Could Pipeline Leaks Be A Thing Of The Past?
July 14, 2016
GE Reports Canada
The Challenge: Pipelines Need Better Monitoring and Leak Detection
With pipeline integrity at the heart of the national dialogue on Canada’s energy industry, GE Canada’s Customer Innovation Centre (CIC) in Calgary wanted to find a solution that would benefit pipeline companies, energy companies, and Canadians.
In consultation with industry, and using its own knowledge of the issue, GE isolated some key challenges facing pipeline integrity.
Firstly, pipeline companies often conduct above-land surveys of pipelines. Above-land surveys involve walking the line, flying over the line by drone or helicopter, or smart-balls. These surveys, though thorough and comprehensive, are not continuous and may therefore miss a leak or spill.
Secondly, most pipelines are monitored by sensors at specific points. These sensors supply limited, location-specific data and therefore do not provide operators with a comprehensive view of what is occurring on the line. Furthermore, the sensors can generate false alarms, creating unnecessary work and expense while driving operator fatigue in the pipeline operator’s control room.
Seeking Solutions: GE’s Calgary CIC Steps Up
After working with industry to better understand the issues, the CIC surveyed available solutions in GE’s pipeline-technology portfolio. In addition, CIC studied potential solutions developed by companies in Calgary’s local innovation ecosystem.
The result? The CIC connected with a Calgary company called Hifi Engineering, which has developed a pipeline-monitoring technology that provides 100-per cent coverage and almost instantaneous leak detection, no matter the size or location.
The Technology: How It Works
Hifi Engineering uses best-in-class fibre-optic cabling and power-enclosure to collect real-time data along the entire length of a pipeline, providing a far more complete picture than one based on point-sensing or scheduled surveys alone.
The solution monitors three key data points: acoustic energy, strain, and temperature, enabling operators to know not only where issues are occurring on a line but the nature of the issues. In addition, the company conducts extensive baseline testing — a key factor in significantly reducing false alarms.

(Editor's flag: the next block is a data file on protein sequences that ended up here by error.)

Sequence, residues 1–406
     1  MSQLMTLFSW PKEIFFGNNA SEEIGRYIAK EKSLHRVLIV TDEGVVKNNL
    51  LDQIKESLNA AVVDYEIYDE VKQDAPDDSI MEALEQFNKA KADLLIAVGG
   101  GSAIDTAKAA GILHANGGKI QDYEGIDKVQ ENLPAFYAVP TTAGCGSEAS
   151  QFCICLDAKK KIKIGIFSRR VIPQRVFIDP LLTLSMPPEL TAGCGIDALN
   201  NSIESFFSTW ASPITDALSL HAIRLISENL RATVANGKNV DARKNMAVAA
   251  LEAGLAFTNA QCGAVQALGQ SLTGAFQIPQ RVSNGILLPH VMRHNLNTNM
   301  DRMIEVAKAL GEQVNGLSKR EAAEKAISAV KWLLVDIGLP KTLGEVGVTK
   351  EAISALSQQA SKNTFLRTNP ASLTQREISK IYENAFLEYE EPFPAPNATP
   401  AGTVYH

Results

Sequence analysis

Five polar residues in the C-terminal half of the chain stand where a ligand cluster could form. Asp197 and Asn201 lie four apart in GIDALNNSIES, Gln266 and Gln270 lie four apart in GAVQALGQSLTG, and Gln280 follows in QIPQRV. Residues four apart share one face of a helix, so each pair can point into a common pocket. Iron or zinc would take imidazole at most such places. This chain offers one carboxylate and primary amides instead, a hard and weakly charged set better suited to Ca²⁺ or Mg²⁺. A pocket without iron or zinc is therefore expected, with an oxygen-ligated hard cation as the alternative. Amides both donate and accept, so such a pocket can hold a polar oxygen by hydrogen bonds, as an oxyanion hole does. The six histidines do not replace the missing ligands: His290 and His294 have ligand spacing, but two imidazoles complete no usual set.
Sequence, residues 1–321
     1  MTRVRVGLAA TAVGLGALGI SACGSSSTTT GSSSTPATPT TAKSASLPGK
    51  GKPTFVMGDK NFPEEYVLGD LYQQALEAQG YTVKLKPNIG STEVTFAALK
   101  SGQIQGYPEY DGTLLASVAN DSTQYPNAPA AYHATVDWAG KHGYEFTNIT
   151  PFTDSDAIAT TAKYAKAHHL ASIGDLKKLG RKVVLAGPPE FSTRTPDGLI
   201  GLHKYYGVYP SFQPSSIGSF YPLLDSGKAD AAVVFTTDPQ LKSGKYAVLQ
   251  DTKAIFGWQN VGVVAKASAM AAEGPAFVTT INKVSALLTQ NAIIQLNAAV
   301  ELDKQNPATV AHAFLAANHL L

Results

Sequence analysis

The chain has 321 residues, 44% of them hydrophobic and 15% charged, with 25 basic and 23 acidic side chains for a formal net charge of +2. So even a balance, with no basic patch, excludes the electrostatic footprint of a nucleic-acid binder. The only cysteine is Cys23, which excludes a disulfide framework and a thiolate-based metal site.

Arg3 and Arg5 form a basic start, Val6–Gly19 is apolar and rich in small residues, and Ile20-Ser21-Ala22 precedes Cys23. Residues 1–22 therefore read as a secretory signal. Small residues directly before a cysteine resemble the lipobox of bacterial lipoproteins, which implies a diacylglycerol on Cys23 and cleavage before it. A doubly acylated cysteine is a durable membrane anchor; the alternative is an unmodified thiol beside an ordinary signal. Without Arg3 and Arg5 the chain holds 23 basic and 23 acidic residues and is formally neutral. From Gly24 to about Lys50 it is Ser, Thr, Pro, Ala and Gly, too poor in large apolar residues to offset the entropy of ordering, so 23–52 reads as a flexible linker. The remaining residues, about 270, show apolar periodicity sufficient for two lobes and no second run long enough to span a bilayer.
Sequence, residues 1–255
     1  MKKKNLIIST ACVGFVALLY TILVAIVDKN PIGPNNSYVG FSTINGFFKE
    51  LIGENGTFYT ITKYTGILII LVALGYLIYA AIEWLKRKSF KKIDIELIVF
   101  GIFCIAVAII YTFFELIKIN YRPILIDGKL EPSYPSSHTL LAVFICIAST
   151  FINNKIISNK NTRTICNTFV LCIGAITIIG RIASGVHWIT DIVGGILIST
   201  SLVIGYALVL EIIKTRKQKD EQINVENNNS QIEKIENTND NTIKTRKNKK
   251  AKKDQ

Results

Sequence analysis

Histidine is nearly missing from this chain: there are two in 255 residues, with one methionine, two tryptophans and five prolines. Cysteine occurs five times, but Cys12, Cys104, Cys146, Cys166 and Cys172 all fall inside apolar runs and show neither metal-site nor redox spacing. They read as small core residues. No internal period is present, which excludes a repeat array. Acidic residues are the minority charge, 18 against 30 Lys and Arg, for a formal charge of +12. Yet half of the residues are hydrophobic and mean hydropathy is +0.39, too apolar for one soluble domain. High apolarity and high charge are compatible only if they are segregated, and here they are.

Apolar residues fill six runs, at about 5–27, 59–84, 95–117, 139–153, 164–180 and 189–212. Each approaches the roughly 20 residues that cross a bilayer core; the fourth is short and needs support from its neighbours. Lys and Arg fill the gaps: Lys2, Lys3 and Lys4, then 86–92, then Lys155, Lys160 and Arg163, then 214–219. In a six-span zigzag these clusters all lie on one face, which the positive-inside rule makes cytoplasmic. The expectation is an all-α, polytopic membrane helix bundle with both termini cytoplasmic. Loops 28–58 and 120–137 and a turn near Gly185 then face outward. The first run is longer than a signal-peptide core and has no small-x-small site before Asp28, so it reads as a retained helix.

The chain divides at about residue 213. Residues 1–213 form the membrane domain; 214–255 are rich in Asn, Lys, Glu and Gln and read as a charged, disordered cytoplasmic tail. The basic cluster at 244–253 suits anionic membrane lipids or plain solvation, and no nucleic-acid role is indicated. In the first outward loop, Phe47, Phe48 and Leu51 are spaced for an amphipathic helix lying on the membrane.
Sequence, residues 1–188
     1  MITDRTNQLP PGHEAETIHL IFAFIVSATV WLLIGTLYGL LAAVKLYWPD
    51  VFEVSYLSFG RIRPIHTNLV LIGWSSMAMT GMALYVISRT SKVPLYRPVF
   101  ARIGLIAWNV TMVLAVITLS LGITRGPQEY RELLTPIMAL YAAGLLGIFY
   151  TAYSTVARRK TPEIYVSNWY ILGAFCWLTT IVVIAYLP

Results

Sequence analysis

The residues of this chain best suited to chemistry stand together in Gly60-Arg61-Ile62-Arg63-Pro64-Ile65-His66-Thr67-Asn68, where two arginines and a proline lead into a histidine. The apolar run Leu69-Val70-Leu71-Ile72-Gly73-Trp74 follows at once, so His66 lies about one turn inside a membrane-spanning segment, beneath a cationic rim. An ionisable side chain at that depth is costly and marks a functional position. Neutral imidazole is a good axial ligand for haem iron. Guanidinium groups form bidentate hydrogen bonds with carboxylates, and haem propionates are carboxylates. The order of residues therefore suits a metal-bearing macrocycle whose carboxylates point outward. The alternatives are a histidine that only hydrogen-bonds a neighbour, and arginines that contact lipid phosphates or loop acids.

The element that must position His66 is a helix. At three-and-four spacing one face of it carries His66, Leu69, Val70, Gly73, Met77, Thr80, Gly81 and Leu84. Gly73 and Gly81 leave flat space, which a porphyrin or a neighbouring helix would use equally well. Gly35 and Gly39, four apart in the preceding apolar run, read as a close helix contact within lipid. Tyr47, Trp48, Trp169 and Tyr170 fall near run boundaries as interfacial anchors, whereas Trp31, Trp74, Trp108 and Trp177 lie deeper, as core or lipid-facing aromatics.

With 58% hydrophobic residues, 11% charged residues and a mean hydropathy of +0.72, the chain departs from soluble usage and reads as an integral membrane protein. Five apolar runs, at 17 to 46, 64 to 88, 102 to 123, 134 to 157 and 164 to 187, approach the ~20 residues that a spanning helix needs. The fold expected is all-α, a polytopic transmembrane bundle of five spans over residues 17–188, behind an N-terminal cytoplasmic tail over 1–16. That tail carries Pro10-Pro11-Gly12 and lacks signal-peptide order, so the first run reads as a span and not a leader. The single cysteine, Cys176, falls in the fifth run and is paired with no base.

Working with Hifi, the team at the Calgary CIC has integrated Hifi’s innovation with GE’s cloud-based Predix platform to create a hassle-free technology that is both reactive and preventative. Featuring a detailed interface and greater data resolution, it gives operators an even fuller picture of what’s happening with their pipelines, allowing them to better determine actions they need to take, both in terms of emergency response and preventative action.
Results: A Solution That’s Ready To Grow
With GE’s Predix platform and Hifi’s technology, GE’s Calgary CIC has developed a solution to address the concerns of pipeline companies, energy companies, governments, regulators and communities by ensuring full coverage and immediate knowledge of any incident within a pipeline — leaks included.
As new applications are developed on the Predix platform, even more data and analytics will be incorporated into pipeline monitoring, especially in the area of predictive indicators that will further help operators prevent issues before they occur.
In working closely with industry, and collaborating with innovators, CIC was able to find a future-proof solution to address one of the major issues facing Canada’s energy industry. Best of all, since the solution works to catch small incidents before they become large issues the investment pays for itself through risk-mitigation.
If you would like to see a demonstration of the Hifi-Predix solution, please contact Gandeephan Ganeshalingam, Chief Innovation Officer GE Canada, at firstname.lastname@example.org or +1 403 775 8600